|Print this story||Permalink|
Northeast Queens denizens who patronize Bayside resident Marcos Lagos’ new business had better come looking for a fight.
Lagos, who previously owned a mixed martial arts training school on 18th Avenue in College Point, relocated his Hidden Fist to 202-87 Rocky Hill Road in Bayside three months ago. The training school offers a variety of martial arts to youths and adults, including Brazilian jiu-jitsu, boxing and kung fu.
Each class, which incorporates physical conditioning, technique training and fighting, lasts about three hours, Lagos said.
“I believe there’s no way you can really train for fighting in 45 minutes but, at most schools, they teach you a couple of moves and you’re out,” he said. “Here, we teach body training, technique and fighting. It’s unheard of in most schools.”
An estimated 50 percent of students at Hidden Fist are newcomers, while the other half has some fighting experience. Lagos said some parents send their younger children for training.
“Parents bring their kids here so they can learn respect and discipline,” he said. “It’s good for parents, too, because their children come here, they get tired and then sleep well.”
Classes at the school are $100 for children and $185 for adults. The two groups are split up into youths and people over the age of 16. Hidden Fist is open from 2 p.m. to 10 p.m., during which time two sessions for each age group are held.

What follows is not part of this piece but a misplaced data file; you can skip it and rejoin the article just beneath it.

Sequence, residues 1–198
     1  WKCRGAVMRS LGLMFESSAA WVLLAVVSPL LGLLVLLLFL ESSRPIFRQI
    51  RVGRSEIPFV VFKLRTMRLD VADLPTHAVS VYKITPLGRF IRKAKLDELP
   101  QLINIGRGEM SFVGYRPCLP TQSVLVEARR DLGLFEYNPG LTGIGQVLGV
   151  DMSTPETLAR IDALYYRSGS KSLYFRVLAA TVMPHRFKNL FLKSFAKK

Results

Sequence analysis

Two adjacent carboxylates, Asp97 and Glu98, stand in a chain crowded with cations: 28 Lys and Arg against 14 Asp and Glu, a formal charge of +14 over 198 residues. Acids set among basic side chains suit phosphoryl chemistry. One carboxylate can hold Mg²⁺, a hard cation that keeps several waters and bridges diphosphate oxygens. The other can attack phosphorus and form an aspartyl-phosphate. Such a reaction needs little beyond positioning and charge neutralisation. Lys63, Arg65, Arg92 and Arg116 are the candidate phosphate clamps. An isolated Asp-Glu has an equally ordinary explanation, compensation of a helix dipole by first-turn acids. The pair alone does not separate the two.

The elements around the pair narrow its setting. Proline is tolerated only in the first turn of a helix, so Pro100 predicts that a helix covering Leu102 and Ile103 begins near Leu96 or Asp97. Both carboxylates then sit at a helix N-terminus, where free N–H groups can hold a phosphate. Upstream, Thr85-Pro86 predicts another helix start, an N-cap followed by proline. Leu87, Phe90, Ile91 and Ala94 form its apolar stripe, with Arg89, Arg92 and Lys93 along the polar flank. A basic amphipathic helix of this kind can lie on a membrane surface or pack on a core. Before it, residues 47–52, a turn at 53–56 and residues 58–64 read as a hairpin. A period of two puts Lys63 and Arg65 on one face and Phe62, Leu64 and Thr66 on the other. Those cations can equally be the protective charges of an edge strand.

Clients can begin training at the school at any time and pay on a monthly basis. Patrons are expected to purchase their own outfits, gloves, mouthpieces and knee pads for the classes.
Lagos said he plans to expand his business to another site next door to the martial arts studio in the near future.
“The space is really big, which is one of the reasons why I moved over here,” he said. “The school will be at least double in size.”
The expansion will include more punching and kicking bags, additional weight equipment and more mat space for fighting.
Lagos, who once trained in the martial arts in China and is now a black belt, said his school also places young fighters in city competitions and, in 2006, his students took third place in the state’s Brazilian Jiu-Jitsu Federation competition.
He emphasizes his students should take the time to practice outside his class.
“It’s all about conditioning,” he said. “You could be in great shape and you might not be able to keep up in my class.”
But he said his clients not only come to the school to learn fighting, but also to get back into shape or for leisure.
Reach reporter Nathan Duke by e-mail at email@example.com or by phone at 718-229-0300, Ext. 156.
©2009 Community Newspaper Group
|Print this story||Permalink|
By submitting this comment, you agree to the following terms:
You agree that you, and not TimesLedger.com or its affiliates, are fully responsible for the content that you post. You agree not to post any abusive, obscene, vulgar, slanderous, hateful, threatening or sexually-oriented material or any material that may violate applicable law; doing so may lead to the removal of your post and to your being permanently banned from posting to the site. You grant to TimesLedger.com the royalty-free, irrevocable, perpetual and fully sublicensable license to use, reproduce, modify, adapt, publish, translate, create derivative works from, distribute, perform and display such content in whole or in part world-wide and to incorporate it in other works in any form, media or technology now known or later developed.